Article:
Why use a food diary?

Keeping a food diary can help your client to become more aware of his/her eating pattern: the health promoting habits and the possible problem areas. It can be an excellent tool for facilitating discussions.

Use the food diary as a basis for goal setting and planning. Later on, repeating the food diary shows what has changed over time and helps to maintain the new habits. Making a note of social surroundings and feelings during meals can also be helpful, especially if your client has particular problems, such as excessive or uncontrolled eating.

A simple template food diary is printed above, but a small notebook can be used as well. Keeping a food diary for a week would be optimal, but even a couple of days can give useful information. Explain to your client that the purpose of the food diary is to help him/her in his/her journey to better diet and well being. Ask him/her to write down everything he/she eats and drinks, and to maintain their usual eating and drinking habits. Short notes are enough, such as “a cup of coffee with sugar and a doughnut” or “a large bowl of vegetable salad with olive oil vinaigrette and two slices of whole grain wheat bread with butter”. Only if you are using the food diary to collect detailed data on nutrient intakes (e.g. for research purposes), would you need to use a more detailed and structured format.

Compare the food diary with your client's personal goals. This can be done either individually or in a small-group session. Pay attention to the number of meals and snacks during a typical day, the amount of certain types of food, such as vegetables, whole grains, deserts, alcoholic beverages, and sources of soft and hard fat. Let the client express his/her own opinions, experiences and ideas; use open-ended questions. Encourage the client to make his/her own suggestions for new solutions and further progression. Remember to give positive feedback!

Image Evaluation and Quality Assurance Data Collection

See [Table 9].

Table 9 Image evaluation and quality assurance data collection

Core items

Additional items

Personal data

Personal identification

Marital status


Employment status


Method used in screening

Risk screening result and interpretation

Health and health behaviour

Chronic diseases and regular medications

Family history of diabetes and CVD


  • never/previously/irregularly/daily

  • products used, amount, frequency

Physical activity:

  • method used in measuring (for example: interview, diary, recall, pedometers, accelerometers)

  • type, frequency, intensity

  • work-related, commuting, leisure


  • method used in measuring (for example: interview, diary, recall, pedometers, accelerometers)

  • Dietary pattern: Number of meals and snacks including beverages, consumption of vegetables, fruits, bread and cereal (whole/refined grain), fats and oil, sweets, beverages, alcohol e.g.

  • Energy proportion (E%) of fat, saturated and trans fat, dietary fibre (g/day, g/1000 kcal), total energy, alcohol (g, E%), added sugar (g, E%)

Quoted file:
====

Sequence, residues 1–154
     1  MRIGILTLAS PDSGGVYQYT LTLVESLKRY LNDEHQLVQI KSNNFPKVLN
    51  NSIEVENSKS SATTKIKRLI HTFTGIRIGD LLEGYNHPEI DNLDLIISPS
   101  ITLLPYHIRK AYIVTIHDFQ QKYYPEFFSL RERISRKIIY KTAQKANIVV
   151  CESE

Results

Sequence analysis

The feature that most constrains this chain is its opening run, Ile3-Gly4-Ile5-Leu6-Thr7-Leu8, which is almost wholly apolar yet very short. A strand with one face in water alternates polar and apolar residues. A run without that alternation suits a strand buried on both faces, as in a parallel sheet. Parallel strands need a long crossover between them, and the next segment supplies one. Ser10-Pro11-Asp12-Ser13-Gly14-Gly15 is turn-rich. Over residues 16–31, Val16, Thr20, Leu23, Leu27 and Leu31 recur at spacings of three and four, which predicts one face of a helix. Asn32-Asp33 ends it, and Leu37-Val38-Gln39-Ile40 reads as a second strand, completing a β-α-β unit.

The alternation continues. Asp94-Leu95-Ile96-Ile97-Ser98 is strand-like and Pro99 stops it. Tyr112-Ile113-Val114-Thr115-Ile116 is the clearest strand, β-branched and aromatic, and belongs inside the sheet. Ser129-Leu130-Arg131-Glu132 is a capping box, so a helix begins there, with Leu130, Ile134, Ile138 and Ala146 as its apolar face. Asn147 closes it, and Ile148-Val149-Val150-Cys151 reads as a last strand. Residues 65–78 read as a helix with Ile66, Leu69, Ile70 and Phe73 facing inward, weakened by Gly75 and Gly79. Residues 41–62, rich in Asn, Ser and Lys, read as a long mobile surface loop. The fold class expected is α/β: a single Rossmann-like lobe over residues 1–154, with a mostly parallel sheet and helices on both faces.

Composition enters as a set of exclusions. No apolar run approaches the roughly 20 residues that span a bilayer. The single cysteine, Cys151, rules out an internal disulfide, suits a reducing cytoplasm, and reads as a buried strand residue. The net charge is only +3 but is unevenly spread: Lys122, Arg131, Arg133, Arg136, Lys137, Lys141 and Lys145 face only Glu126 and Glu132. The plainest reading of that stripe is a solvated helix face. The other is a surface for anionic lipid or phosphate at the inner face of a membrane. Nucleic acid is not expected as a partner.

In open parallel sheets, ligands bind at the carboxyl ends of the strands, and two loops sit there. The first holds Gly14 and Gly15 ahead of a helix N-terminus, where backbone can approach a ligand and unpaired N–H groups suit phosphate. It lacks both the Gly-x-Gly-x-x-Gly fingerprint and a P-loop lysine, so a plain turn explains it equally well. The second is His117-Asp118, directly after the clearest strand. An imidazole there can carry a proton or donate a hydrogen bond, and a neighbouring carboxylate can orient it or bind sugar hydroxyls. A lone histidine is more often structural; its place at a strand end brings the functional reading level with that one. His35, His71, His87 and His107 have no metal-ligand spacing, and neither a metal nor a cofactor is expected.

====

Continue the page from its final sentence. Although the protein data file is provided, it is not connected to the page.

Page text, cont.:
Clinical data – baseline and follow-up

Body weight

Fasting insulin

Body height

2 hour OGTT glucose + insulin

Waist circumference


Systolic and diastolic blood pressure

Lipids (total, LDL, HDL Cholesterol and triglycerides)

Plasma glucose (fasting, random or postprandial)

Additional measures, e.g. liver function tests

Health related quality of life

Content of the intervention

Intervention facilitator(s)

Type of intervention (group, individual etc.)

Frequency, duration and other details

Focus of the intervention (weight, diet, smoking, physical activity, e.g.)

Reinforcement plan

Success of the intervention

Adherence (proportion of planned intervention visits completed)

Changes in lifestyle (line 3) and clinical (line 4) indicators


Plans how to sustain possible lifestyle changes after intervention

The Development of the IMAGE Toolkit for Diabetes Prevention


The Grant Agreement between the Public Health Executive Agency (PHEA; now European Agency for Health and Consumers, EAHC) and the IMAGE Group 2006309-IMAGE stated that the primary objective was “The development of practice-oriented European guidelines for the prevention of type 2 diabetes (T2DM)”. To implement this specific objective, a working group 4(a) was established. The group collected the latest evidence and summarised their findings in “A European Evidence-Based Guideline for the Prevention of Type 2 Diabetes – IMAGE-Guideline for diabetes prevention”. A second working group, 4(b), was also set up with the aim to create a credible, simplistic, concise, clear, pragmatic, accessible document with a positive message about health promotion (“a toolkit”) with step-by-step tips on how to initiate and manage a lifestyle intervention to prevent type 2 diabetes.

Members of the working group

The members of the working group were selected based on their practical and/or scientific experience in the field of diabetes prevention and were suggested and invited by IMAGE steering group members. Further, the members represent different professional backgrounds which are relevant to diabetes prevention, including health psychology, physical activity, nutrition, health promotion, diabetology, health services provision, health policy development and service user representation.